U.S. Open: Winged Foot is a monument to golf, curated by lovers of the game

MAMARONECK – When the imposing stone clubhouse was constructed in the early 1920s, the builders, Smith and Leo, left Winged Foot Golf Club a gift: Leo the Lion, a large, snarling sculpture that guards the building’s front entrance.

That fierce protector, baring his teeth while overlooking the now-historic club’s circular driveway, was stolen in the middle of the night 28 years ago — before security cameras were installed to keep watch.

Winged Foot quickly commissioned a replica and the new Leo, with his paws affixed to the portico around him, is practically immovable now. Even so, according to longtime general manager Colin Burns, the club still purchases a full-page ad every year with Art Recovery International asking for any information related to the original’s whereabouts.

As that story indicates, no effort is spared to craft, cultivate or curate the history and traditions at the site of this year’s U.S. Open.

Winged Foot has spent recent years carefully restoring its 97-year-old clubhouse and many decades preserving its place in golf. The 2020 version will be the sixth men’s Open on the West Course, which has also hosted a PGA Championship, two U.S. Amateurs and a U.S. Senior Open.

The East Course had the U.S. Women’s Open twice.

The clubhouse at Winged Foot which will host the 2020 U.S. Open. (Frank Becerra Jr./ The Journal News)

“If you just walk through there very quickly, you get a sense of the history of Winged Foot and the history of the game,” said member Robert Williams, who became a junior member in 1986 and now sits on its Board of Governors. “That is always first and foremost. You’re not awed by all the trappings. It’s, ‘There’s the golf ball Bobby Jones played in 1929. There’s a picture of Babe Ruth.’ It captures all of that.”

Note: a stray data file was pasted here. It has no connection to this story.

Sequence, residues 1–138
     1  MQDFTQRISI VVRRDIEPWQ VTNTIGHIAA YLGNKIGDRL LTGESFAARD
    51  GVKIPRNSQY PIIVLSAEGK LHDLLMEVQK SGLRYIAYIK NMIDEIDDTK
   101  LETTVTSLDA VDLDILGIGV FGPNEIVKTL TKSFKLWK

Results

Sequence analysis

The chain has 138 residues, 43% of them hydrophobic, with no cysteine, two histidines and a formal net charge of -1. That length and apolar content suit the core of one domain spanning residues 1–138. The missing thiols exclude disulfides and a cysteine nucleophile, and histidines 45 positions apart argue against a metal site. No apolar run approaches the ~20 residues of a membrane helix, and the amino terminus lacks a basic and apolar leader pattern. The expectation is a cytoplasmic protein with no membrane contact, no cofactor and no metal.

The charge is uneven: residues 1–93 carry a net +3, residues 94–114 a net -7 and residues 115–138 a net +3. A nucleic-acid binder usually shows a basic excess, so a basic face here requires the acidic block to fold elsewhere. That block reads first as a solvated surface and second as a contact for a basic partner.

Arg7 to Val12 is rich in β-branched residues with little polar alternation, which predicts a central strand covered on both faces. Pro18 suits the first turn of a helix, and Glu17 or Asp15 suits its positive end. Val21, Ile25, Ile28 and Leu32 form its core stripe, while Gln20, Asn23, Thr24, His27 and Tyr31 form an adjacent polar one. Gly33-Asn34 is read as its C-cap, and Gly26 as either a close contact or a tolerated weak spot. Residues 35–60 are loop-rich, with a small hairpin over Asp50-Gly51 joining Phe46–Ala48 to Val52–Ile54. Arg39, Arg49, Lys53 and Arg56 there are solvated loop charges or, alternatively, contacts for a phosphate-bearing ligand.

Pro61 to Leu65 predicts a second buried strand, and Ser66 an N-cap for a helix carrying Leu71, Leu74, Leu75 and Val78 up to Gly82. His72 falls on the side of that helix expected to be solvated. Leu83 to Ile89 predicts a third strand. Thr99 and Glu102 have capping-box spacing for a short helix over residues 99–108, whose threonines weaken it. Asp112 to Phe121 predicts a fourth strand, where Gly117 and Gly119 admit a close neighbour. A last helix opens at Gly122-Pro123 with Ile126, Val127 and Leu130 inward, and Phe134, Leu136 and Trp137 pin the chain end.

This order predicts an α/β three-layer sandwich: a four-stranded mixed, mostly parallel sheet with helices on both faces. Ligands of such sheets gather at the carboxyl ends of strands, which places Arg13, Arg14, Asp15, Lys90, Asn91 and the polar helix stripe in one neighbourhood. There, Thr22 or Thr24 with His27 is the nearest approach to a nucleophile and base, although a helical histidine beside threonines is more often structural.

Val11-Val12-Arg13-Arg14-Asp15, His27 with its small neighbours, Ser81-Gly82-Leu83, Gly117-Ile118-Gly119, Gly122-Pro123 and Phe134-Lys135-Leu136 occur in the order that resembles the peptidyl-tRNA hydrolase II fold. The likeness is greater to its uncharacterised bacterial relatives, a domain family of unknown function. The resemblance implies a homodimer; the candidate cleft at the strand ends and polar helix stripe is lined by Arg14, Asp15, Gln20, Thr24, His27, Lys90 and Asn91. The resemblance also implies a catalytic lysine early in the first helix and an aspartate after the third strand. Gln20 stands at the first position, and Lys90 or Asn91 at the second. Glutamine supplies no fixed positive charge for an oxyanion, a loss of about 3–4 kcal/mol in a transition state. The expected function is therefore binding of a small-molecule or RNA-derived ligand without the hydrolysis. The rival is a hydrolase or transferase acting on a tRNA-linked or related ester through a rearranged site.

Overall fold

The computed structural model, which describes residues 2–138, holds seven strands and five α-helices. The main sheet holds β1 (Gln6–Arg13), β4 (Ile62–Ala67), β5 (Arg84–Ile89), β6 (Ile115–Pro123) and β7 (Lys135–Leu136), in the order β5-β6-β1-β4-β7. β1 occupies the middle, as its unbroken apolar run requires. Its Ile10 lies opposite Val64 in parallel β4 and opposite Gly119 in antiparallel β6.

And that’s no accident.

Just consider the artifacts displayed in the clubhouse hallway. They include an 80-percent replica of the U.S. Open trophy, and highlight various momentos from key moments in past Winged Foot championships.

Winged Foot will host the U.S. Open Sept. 17-20.

A display case in the lobby of the clubhouse at Winged Foot Golf Club Sept. 1, 2020. (Frank Becerra Jr./ The Journal News)

Some of the most rare artifacts are Bobby Jones and Al Espinosa’s scorecards from the 36-hole playoff in the 1929 Open, an event Jones won just six years after the club opened. The scorecards were found in someone’s desk drawer in Georgia and Winged Foot paid “a small fortune,” Burns said, to win them at auction.

But the purchase stayed true to the membership’s mission, which has long been dedicated to honoring the game’s history on its grounds.

“I view myself as a steward, a steward in a long line of other stewards that have taken over the club and really carried on that tradition,” said Bryan Marsal, who has been a member since 1976 and now serves as the club’s U.S. Open chairman.

The 18th green at Winged Foot Golf Club. (Frank Becerra Jr./ The Journal News)

A golf club first

Having hosted five previous U.S. Opens, four of which have resulted in a winning score over par, the West Course has traditionally been considered one of the most challenging in golf. Neither course was designed for the weekend golfer in mind.